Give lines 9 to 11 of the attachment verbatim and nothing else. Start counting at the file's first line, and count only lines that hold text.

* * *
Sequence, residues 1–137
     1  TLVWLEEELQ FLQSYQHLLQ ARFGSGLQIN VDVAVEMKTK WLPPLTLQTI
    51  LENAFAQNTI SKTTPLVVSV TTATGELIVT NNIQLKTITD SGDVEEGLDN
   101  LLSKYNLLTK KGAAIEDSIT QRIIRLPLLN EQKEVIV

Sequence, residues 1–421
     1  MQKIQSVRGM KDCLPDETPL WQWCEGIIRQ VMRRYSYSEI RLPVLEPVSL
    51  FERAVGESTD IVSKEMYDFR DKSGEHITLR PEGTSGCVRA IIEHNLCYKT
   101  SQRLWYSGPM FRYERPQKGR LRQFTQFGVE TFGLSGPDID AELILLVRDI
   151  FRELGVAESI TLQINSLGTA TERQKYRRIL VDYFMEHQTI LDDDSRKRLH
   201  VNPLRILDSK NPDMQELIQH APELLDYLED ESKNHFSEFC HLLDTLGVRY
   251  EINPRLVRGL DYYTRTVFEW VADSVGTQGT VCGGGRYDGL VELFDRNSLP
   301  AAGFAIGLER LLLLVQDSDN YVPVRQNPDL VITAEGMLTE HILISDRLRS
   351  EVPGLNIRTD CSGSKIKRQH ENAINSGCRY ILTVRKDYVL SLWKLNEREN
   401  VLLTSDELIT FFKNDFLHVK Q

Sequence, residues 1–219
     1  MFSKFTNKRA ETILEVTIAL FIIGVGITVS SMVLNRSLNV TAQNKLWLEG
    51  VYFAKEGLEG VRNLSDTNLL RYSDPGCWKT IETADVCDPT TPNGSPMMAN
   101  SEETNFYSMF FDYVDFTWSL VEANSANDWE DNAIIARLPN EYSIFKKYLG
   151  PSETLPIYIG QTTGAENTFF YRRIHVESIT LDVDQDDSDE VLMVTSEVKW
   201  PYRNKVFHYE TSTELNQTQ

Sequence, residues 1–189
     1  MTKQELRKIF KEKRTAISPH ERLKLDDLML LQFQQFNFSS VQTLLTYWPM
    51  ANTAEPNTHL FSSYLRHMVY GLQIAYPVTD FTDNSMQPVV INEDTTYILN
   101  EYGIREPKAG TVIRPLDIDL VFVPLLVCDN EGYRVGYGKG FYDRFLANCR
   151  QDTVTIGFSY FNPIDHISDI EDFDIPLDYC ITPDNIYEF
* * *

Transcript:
   151  FRELGVAESI TLQINSLGTA TERQKYRRIL VDYFMEHQTI LDDDSRKRLH
   201  VNPLRILDSK NPDMQELIQH APELLDYLED ESKNHFSEFC HLLDTLGVRY
   251  EINPRLVRGL DYYTRTVFEW VADSVGTQGT VCGGGRYDGL VELFDRNSLP